The incarnation has to be one of the most profound mysteries which we confess. There comes a moment in your Christian faith where you begin to reflect on the significance of the incarnation and you eventually realize you are in way over your head. Thankfully the Church historic has been reflecting on this subject for millennia and we can glean from their musings with great benefit. Besides if the response to the announcement of the birth of Jesus was a response of confusion, wonder, and bewilderment, I would say our responses that are the same in kind are very appropriate. Why should we feel out of place for not comprehending fully such a weighty matter when those visited by angels struggled as well?
When the angel announces to the shepherds about the birth of Jesus, they refer to him as “Christ the Lord.”
Luke 2:11For unto you is born this day in the city of David a Savior, who is Christ the Lord.
The designation “Lord” signified that the Logos, was God Himself. “Lord” is the translation of the Greek word kyrios. In the Old Testament, the word “Lord” is sometimes seen in all capital letters “LORD” to communicate to readers the Hebrew word Yahweh, the covenant name of God. The New Testament writers were stating that Yahweh was in the flesh. The second person of the Trinity, the Logos, became flesh and dwelt among us.
The incarnation was the climactic event of God dwelling with his people. Through the Old Testament God would visit humanity in temporary forms, angels, burning bushes, etc. However, in the incarnation God would take upon himself true humanity forever. This is an essential point of the incarnation. Jesus “had to be made like his brothers in every respect, so he might become a merciful and faithful high priest…to make propitiation for the sins of the people.” (Heb 2:17-18)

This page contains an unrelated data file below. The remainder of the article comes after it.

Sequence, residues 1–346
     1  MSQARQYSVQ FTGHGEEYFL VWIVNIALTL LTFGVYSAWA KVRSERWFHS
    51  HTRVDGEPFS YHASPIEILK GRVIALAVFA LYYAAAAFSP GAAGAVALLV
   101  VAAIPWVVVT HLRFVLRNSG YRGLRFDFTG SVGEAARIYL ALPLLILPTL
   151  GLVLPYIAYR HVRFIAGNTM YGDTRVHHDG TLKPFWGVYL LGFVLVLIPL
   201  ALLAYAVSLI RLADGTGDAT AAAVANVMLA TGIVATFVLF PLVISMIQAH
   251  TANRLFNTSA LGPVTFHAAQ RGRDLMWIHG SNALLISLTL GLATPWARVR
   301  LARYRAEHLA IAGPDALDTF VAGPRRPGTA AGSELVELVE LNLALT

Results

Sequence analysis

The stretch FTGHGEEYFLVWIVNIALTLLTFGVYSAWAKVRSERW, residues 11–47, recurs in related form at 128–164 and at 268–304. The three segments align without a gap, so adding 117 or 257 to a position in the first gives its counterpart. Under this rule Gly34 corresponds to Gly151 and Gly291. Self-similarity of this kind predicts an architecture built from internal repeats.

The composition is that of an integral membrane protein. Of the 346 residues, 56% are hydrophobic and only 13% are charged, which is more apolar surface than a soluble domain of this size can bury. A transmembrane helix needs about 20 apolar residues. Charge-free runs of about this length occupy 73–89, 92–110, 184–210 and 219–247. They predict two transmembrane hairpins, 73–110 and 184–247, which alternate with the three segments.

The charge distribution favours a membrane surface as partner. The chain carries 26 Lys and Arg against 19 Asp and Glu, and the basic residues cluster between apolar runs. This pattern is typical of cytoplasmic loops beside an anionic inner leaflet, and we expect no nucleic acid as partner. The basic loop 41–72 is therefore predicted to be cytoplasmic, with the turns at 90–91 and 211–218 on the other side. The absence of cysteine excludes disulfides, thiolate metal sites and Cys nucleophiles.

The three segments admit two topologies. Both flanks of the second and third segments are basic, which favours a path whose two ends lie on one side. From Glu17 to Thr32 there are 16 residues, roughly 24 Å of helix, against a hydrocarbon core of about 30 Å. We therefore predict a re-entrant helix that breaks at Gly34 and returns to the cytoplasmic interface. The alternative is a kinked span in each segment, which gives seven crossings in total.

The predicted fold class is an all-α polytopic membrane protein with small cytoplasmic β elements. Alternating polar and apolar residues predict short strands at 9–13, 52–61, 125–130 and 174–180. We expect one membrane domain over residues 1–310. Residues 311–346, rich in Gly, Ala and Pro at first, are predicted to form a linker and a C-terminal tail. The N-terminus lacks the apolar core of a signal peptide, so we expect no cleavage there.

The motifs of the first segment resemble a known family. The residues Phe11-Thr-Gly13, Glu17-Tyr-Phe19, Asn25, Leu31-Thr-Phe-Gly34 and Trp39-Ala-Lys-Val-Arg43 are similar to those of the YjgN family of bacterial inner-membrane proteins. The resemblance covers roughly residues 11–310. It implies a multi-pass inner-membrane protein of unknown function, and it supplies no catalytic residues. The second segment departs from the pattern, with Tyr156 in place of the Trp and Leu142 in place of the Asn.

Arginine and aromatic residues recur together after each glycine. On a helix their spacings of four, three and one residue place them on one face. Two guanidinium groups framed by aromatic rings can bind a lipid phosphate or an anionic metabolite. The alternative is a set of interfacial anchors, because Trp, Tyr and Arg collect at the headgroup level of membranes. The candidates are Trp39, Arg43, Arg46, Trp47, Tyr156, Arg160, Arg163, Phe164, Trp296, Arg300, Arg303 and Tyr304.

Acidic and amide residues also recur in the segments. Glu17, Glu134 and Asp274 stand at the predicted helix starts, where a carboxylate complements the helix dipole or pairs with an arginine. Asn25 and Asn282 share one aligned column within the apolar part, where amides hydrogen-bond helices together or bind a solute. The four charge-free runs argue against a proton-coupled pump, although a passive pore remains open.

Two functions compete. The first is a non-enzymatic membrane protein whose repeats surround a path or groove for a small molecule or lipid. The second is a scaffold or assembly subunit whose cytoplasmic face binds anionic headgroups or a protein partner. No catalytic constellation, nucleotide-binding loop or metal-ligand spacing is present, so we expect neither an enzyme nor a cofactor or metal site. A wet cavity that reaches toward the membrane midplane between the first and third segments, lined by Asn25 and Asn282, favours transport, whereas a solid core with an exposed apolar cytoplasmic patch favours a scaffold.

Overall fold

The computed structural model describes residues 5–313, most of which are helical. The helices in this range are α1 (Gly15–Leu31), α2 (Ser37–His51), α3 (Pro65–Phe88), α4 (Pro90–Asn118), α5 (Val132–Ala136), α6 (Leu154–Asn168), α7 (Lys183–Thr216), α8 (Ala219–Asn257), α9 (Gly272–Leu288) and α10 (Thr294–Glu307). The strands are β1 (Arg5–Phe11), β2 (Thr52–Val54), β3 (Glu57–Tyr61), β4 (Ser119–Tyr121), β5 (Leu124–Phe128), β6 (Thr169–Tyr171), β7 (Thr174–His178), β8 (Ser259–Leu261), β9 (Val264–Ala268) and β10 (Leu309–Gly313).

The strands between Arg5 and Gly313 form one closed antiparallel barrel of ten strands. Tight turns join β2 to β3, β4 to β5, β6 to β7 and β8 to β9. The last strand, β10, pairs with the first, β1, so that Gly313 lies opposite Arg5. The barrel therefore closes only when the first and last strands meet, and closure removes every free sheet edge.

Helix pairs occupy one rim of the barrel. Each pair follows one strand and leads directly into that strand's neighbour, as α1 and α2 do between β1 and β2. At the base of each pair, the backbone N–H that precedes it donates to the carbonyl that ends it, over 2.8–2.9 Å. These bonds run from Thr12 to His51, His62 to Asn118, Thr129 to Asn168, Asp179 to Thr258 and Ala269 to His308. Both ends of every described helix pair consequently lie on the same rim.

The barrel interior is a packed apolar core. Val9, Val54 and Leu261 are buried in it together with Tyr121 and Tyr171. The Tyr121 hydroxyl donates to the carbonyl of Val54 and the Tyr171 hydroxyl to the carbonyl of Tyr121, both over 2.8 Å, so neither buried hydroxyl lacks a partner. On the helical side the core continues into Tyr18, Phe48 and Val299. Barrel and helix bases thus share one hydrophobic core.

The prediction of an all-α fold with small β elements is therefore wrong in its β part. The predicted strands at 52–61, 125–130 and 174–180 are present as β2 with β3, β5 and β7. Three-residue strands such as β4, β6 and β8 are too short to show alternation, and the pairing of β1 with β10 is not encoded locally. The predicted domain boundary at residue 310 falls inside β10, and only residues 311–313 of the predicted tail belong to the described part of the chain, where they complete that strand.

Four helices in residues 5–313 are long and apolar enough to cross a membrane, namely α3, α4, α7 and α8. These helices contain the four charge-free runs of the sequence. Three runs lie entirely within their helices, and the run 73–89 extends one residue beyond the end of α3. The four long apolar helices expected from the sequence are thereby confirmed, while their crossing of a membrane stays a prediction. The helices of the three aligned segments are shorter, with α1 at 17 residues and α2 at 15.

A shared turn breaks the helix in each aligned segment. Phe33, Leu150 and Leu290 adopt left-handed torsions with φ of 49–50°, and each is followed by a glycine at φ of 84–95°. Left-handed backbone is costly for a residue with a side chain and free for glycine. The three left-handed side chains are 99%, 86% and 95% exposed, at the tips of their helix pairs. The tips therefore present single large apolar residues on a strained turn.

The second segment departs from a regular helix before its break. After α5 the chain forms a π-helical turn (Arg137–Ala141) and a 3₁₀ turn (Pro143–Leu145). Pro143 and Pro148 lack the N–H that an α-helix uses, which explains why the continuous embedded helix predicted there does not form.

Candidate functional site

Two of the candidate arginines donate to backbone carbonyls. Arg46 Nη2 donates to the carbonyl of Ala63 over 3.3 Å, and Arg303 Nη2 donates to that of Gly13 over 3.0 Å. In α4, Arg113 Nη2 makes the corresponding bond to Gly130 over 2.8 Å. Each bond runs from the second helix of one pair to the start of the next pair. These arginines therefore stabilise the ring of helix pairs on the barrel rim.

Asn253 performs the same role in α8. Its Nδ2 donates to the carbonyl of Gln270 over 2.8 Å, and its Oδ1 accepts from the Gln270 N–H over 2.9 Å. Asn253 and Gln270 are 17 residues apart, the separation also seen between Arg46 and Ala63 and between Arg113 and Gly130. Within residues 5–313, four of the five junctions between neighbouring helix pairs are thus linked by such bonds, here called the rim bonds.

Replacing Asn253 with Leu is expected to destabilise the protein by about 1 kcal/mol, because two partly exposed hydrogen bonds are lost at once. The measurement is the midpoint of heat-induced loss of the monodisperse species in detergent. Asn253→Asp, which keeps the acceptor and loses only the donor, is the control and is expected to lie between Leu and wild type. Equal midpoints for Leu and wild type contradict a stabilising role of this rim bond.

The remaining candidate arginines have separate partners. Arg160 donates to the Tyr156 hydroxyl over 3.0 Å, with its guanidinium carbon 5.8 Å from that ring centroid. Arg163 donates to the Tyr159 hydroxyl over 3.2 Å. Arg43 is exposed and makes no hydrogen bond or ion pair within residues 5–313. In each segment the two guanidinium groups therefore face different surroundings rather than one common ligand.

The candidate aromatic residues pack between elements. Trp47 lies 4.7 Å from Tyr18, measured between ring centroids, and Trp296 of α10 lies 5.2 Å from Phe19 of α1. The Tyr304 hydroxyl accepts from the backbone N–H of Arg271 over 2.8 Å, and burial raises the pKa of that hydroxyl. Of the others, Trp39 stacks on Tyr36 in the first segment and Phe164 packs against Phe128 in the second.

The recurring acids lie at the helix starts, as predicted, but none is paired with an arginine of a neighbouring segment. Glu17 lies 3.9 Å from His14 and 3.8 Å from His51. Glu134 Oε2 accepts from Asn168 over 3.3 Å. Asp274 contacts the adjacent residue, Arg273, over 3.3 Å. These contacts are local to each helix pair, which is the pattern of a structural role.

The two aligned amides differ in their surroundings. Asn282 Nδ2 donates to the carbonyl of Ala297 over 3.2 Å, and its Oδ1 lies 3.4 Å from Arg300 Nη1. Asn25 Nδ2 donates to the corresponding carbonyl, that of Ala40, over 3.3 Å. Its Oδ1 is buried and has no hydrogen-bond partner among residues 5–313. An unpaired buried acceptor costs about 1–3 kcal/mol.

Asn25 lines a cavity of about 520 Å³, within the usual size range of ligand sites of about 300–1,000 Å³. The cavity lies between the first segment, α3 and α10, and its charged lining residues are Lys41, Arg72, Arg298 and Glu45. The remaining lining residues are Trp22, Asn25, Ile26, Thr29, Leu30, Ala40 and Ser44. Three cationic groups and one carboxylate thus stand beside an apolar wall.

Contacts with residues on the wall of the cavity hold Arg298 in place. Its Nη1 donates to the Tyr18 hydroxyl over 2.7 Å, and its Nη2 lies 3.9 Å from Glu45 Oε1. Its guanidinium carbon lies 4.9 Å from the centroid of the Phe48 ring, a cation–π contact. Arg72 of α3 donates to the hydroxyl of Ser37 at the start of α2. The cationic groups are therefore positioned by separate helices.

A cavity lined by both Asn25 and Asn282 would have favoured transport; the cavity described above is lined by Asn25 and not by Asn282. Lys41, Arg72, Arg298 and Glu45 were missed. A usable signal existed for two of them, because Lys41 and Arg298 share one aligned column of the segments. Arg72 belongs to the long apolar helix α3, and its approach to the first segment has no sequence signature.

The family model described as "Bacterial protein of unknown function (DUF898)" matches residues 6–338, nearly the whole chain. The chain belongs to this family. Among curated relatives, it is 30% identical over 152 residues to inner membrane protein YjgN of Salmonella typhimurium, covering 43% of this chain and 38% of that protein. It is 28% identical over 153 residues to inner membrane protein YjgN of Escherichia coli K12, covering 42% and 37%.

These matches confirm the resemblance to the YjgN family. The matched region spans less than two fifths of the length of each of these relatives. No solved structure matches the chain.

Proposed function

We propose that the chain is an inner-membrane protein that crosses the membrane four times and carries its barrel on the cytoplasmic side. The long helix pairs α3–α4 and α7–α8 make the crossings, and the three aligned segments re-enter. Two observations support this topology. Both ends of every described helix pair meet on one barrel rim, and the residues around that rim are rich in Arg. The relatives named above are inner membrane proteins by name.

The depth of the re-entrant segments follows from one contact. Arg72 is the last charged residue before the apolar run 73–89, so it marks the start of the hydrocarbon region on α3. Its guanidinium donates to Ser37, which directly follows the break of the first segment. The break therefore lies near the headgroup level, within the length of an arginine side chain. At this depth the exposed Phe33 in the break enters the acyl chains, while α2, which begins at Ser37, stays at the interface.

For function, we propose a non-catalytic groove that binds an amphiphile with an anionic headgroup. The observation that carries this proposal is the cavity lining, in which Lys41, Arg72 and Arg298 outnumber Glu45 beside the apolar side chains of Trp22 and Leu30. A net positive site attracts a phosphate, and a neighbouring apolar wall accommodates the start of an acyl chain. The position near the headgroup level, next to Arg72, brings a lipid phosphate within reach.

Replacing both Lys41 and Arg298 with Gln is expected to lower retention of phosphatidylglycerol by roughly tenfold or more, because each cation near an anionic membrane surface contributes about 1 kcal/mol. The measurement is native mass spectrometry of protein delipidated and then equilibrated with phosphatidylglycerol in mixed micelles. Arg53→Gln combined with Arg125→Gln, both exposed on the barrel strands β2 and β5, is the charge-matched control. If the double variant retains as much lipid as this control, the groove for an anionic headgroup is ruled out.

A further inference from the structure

It is indeed a mystery. As Calvin put it
“Here is something marvelous: the Son of God descended from heaven in such a way that, without leaving heaven, he willed to be borne in the virgin’s womb, to go about the earth, and to hang upon the cross; yet he continuously filled the world even as he had done from the beginning!” (Institutes 2.13.4)
Christmas is the time of the year when we reflect on God’s greatest gift. The Word made flesh, dwelt among us, who was born to live for us and die for us, so that he might redeem us glorifying God. The church father Gregory of Nazianzus wrote, “For that which He has not assumed He has not healed; but that which is united to His Godhead is also saved.” In that context he is speaking about the necessity of Jesus’ humanity. But the lesson is noted that the incarnation was God’s delivering work for his people. “The lesson of the incarnation is that only the Triune God could save us from ourselves.” (Oliphint, Majesty of Mystery, 76)